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Owner says Dog House Tavern will come down
The owner of the Dog House Tavern, an iconic century-old building in downtown Langley, plans to tear the historic structure down.
As of Friday, a commercial demolition permit application had not been filed at City Hall, but Charlie Kleiner, who with his wife bought the building at a 2010 auction, confirmed in a Thursday interview with The Record plans to destroy the building. Kleiner said they bought the Dog House with plans to restore it, but now feel demolition is the only viable option.
“When we bought the building … it was kind of an albatross,” Kleiner said. “But my wife liked it.”
“We thought, if things go our way, we’ll keep the building … It didn’t work out, so down she comes,” he added.
The Dog House was the site of the first movie shown in Langley, housed several stores and high school graduations, and is listed on the National Register of Historic Places under its original name The Olympic Club.
News of possibly losing the historic building was not welcomed by Bob Waterman, president of the South Whidbey Historical Society and chairman of the Langley Historic Preservation Commission.
“It is sort of the icon of the city in terms of the publicity for the city,” Waterman said. “It anchors that corner of the downtown where the town actually began at the intersection of Anthes [Avenue] and First Street … It is a symbol of Langley that would be a terrible shame if it was no longer there.”
Kleiner blamed rising costs to renovate the historic building and difficulty working with the City of Langley concerning easement issues, as the basis for the decision to pursue demolition rather than restoration.
He said he had the full support of former mayor Larry Kwarsick, and later felt backed by Mayor Fred McCarthy, but that the relationship with the city has since soured. Langley officials sought a land swap that would give the city the existing property’s northern-most area — also the closest to the waterfront — in exchange for public property under the deck and by the stairs. The Kleiners withdrew their land request because they felt it was an unfair swap. Without that piece of property, the Charlie Kleiner said his plans to renovate the building were stalled.
“I can’t do anything with the building without the other spot that we asked for,” he said. “I’ve moved on.”
“The city just asked for too much,” he added.
Langley Director of Community Planning Jeff Arango disagrees. He said the city’s request was reasonable given that the Kleiners insisted on owning the piece of city property.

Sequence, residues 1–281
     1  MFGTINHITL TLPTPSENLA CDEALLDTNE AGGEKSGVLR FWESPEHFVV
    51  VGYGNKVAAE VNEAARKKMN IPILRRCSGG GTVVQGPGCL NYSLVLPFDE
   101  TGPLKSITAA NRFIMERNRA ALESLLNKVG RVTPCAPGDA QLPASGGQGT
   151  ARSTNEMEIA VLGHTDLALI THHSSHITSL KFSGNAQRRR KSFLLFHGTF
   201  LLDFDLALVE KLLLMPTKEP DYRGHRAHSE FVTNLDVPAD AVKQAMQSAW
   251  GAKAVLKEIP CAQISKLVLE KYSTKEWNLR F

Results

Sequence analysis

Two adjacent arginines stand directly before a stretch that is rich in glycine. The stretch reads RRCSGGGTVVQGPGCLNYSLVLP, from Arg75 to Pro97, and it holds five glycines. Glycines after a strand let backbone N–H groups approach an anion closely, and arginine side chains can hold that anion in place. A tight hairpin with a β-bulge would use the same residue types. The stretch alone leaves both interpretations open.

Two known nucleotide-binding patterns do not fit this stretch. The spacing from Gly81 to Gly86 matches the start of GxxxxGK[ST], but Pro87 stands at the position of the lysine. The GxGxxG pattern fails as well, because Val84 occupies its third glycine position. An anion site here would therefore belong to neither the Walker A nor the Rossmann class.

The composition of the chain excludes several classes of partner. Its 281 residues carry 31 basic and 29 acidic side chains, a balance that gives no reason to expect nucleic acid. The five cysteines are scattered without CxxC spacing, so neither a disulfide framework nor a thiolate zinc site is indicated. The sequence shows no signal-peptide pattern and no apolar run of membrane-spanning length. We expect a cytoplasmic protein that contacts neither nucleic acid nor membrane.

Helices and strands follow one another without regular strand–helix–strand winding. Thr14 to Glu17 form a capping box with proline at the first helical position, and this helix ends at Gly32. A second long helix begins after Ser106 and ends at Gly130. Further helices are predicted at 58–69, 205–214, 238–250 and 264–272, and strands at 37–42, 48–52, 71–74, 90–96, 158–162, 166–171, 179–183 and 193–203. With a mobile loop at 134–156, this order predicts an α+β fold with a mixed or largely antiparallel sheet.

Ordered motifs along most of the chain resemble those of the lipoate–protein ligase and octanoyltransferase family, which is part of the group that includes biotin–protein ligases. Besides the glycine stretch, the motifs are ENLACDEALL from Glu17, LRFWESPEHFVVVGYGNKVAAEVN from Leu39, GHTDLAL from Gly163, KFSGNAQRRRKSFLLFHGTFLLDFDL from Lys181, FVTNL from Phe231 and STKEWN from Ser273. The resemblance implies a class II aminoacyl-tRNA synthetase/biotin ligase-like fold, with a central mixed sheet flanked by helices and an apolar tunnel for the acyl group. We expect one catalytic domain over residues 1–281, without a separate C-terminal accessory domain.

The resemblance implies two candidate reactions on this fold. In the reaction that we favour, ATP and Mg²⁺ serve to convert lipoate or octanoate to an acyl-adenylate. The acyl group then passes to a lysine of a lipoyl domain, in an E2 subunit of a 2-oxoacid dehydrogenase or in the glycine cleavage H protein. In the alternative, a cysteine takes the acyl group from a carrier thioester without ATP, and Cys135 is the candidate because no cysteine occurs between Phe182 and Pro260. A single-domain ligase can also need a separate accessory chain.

“From the city’s perspective, if the Kleiners felt they absolutely had to have the portion under the porch and stairs, it was a way to move on without legal challenges,” Arango said, adding that another option was for the building to continue using the easement with city permission — but also with the remote possibility the city could revoke that use at any time.
“Unfortunately the Kleiners felt otherwise,” Arango said.
Waterman, Langley’s resident historian, said his main concern was trying to keep its historic First Street and Hladky Park facades. As a member of the historical society, he tried to have the Kleiners add the building to the city’s register, which would have included a 10 percent reduction in property taxes but would also have added a significant step in demolition of the building by requiring the local register chapter’s approval.
Even with his ties to the building and its history, like the story of a woman who gave birth on a pool table in the formerly-named Howard’s Confectionery, Waterman understood that renovation would cost more than new construction, despite tax credits and possible grants.
“Many old buildings, it’s better to repurpose them,” Waterman said. “This Dog House would need a lot of restoration, a lot of shoring up just to make it safe.”
Kleiner, however, seemed resolute in his plan to be done with the Dog House Tavern and instead build something new. He couldn’t say for sure what will be built in its place but did say it would not look “anything like the current structure” and that any future structure would bring a financial return, such as a condominium or a commercial space for a business.
“The least expensive way out is a new building,” Kleiner said.
“Nothing’s going to change on this,” he added. “People have dug in their heels, and I just don’t have the time or ambition to deal with these things.”
He did not give a timeline for when demolition and construction might begin, saying he only recently came to the conclusion that he wanted to tear it down.
Langley’s first stopgap will be its Design Review Board, which would approve of the building permit. The board’s meeting would be public, and would include public comment, though the group could not legally deny a building permit based on public objections alone — the decision is based on whether the Kleiners have met requirements outlined in city code to qualify for a demolition permit.
“They have to make their decisions based on the existing laws and regulations,” Arango said. “Public input is always part of the decision. But they have to follow the rules and regulations.”